The grandmother-of-four, a ‘much loved’ former publican, was first placed in a home in June 2020, separating her from indoor, in-person contact with her daughter until the Government eased restrictions earlier this month.
In December, she was moved to her current home in East Sussex, where flowers, balloons, banners, gifts and a cake marked the occasion.
Debbie, who lives in Hastings, has made a handful of visits since the restrictions were eased under the roadmap out of lockdown.
She said: ‘It’s amazing to have that personal contact, the face-to-face time and to hold my mum’s hand. It was a very emotional occasion and I just wanted to remain strong for her and to get upset afterwards.
‘Unfortunately I can’t lose sight of the fact my mum has Alzheimer’s and her condition is deteriorating day by day. Some days she knows me, some days she doesn’t, and I have to accept that, which is part of this cruel disease.
‘My mum can fail to recognise me and then come back in the room and say how happy she is to see me. It’s hard, but you get little glimmers.’
Under the roadmap, each care home resident is allowed one regular indoor visitor, provided they take a Covid test before entry and wear PPE.
Debbie, 56, had previously only been able to see Anne through a glass screen, while speaking over a telephone.
Her mother had struggled to understand the arrangement until a private room for one-to-one visits was arranged at Whitecliff care home.
Debbie has also been reading and showing family photographs to Anne, who grew up in Merseyside and previously ran pubs in Sussex and Kingston-upon-Thames in London.
Debbie said: ‘Alzheimer’s doesn’t hang around for anybody.
‘A year is a massive time in Alzheimer’s world. My mother is losing her capacity to do a lot of things day-by-day and while we are closer because I’m allowed in, we’re still not able to do a lot of things we did a year ago.
‘Every day is precious and you never know what tomorrow holds.
‘I could go in today and my mum could be wonderful then I could visit again tomorrow and she wouldn’t know who I am.
‘The past year has been an emotional rollercoaster but everyone is in the same boat, not just people with relatives in care homes.
‘There are so many who are missing that time with their families, you need to make the most of every day.’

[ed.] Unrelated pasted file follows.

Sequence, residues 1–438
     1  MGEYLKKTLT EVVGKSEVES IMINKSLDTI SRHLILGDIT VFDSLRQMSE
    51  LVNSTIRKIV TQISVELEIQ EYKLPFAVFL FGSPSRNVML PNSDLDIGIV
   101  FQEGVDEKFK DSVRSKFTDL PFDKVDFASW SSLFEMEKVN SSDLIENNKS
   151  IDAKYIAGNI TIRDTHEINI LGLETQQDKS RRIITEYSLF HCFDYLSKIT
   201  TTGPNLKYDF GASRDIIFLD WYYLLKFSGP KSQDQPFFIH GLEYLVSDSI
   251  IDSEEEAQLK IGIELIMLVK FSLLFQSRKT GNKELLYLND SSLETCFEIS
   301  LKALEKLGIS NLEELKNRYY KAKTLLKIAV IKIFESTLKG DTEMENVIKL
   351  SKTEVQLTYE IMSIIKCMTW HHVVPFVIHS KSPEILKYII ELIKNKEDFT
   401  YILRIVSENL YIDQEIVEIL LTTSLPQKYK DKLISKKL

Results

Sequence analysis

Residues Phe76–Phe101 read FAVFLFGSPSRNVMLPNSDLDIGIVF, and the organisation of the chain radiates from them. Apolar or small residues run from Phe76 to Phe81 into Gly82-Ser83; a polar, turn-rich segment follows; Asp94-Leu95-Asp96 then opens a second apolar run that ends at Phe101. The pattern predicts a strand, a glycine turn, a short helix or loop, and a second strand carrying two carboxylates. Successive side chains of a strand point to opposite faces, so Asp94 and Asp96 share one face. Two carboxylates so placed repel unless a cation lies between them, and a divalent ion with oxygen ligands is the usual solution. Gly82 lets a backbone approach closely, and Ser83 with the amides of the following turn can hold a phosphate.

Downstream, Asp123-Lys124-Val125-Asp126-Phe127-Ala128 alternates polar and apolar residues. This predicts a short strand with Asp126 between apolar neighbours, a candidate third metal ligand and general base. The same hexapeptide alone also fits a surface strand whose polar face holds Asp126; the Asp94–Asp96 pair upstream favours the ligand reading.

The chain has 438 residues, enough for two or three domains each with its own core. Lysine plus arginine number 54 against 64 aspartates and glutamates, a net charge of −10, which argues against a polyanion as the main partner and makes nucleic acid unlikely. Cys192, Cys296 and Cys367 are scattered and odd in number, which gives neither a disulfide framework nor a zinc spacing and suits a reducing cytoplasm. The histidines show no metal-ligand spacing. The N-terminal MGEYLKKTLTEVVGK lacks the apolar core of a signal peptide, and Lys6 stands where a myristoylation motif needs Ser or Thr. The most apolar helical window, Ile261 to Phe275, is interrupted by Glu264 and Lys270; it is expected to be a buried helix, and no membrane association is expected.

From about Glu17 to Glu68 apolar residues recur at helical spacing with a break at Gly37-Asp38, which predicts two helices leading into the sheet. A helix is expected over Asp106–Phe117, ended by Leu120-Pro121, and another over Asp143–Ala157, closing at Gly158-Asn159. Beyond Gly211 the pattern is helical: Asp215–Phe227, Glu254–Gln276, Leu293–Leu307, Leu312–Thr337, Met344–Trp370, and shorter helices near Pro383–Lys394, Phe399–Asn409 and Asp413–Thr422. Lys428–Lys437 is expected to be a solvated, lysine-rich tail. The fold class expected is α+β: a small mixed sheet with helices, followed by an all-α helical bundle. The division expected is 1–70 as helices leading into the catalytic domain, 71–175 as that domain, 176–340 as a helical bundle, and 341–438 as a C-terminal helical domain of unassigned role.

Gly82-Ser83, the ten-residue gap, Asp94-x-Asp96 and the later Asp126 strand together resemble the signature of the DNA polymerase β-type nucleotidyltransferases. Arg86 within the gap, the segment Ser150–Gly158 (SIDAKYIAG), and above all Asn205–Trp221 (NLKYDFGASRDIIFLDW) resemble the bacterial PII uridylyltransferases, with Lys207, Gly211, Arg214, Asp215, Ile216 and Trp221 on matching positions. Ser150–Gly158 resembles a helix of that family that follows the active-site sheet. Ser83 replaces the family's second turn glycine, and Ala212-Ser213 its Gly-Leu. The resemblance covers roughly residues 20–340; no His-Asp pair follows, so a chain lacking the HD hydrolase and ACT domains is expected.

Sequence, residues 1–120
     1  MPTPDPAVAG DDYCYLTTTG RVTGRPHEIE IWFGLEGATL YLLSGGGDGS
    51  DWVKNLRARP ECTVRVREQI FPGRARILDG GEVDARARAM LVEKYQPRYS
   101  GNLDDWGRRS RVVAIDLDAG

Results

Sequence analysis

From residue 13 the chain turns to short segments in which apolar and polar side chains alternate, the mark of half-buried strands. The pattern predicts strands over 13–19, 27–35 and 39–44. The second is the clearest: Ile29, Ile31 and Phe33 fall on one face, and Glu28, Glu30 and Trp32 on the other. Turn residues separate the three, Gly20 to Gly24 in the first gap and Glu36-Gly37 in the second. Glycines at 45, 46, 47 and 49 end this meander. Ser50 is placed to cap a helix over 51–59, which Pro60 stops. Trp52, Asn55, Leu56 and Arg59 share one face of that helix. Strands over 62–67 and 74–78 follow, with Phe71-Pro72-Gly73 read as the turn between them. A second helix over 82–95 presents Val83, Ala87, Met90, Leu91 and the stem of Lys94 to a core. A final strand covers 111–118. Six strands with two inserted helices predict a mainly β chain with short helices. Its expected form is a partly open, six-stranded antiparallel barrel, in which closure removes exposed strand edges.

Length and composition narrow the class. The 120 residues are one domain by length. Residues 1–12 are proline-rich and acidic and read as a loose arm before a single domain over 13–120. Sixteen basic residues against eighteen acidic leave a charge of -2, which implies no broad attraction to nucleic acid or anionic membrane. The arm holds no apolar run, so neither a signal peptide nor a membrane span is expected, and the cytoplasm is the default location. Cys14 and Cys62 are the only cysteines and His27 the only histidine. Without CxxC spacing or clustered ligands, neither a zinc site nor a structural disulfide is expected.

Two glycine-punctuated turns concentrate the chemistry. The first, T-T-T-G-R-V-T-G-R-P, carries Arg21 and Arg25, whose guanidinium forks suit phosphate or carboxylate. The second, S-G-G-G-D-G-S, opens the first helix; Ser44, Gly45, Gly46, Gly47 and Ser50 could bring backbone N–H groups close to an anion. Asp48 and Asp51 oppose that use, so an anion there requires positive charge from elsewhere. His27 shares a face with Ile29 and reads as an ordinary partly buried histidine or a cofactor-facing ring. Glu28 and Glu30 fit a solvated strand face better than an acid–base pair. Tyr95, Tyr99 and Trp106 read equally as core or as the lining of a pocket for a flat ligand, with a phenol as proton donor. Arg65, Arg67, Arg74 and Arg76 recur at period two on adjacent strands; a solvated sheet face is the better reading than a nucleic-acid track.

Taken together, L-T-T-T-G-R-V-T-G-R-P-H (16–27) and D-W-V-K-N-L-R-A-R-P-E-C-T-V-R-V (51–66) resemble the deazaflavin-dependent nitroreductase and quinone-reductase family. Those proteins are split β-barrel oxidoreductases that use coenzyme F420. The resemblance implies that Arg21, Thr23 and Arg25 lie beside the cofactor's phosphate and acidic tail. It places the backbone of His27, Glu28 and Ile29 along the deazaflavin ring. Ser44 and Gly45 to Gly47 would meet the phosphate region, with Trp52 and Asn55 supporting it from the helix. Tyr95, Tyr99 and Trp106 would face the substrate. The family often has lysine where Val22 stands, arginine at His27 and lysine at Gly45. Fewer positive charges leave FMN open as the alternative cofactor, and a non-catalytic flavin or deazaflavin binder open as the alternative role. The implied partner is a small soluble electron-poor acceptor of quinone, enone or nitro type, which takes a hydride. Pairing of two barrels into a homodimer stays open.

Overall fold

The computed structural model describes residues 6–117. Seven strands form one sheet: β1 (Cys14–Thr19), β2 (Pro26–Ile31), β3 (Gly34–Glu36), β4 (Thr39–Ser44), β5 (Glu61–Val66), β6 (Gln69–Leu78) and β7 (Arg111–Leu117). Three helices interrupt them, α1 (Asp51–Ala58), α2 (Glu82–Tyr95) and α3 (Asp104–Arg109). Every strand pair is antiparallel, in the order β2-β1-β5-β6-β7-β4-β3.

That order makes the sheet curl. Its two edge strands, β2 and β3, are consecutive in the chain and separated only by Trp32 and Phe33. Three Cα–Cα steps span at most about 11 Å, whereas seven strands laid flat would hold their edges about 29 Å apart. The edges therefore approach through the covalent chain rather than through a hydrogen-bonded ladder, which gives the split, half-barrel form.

Matt Hancock has told the BBC it is something ministers are looking into, although there has not been any official announcement.
The Care Campaign for the Vulnerable (CCFTV), which is supporting Debbie, has accused the Government of being too slow to restore in-person visits.
Founder Jayne Connery said: ‘We are so pleased to hear that Debbie could visit her elderly mother on her special birthday.
‘These precious visits are bittersweet for many families as they say it’s been a very long and difficult year since they could hold the hand of their loved one in a care home and join in family celebrations.
‘CCFTV believes visits have come too late for families that have lost loved ones throughout the pandemic, many unable to spend time with them and suspecting they had suffered from isolation and loneliness.
‘While our hearts sing now for families like Debbie who are finally reunited, we are very sad for the families whereupon visitation restored back into care homes comes much too late.’
Announcing the new rules earlier this month, the Health Secretary said: ‘I know how important visiting a loved one is and I’m pleased we will soon be in a position for people to be carefully and safely reunited with loved ones who live in care homes.
‘This is just the first step to getting back to where we want to be.
‘We need to make sure we keep the infection rate down, to allow greater visiting in a step-by-step way in the future.’
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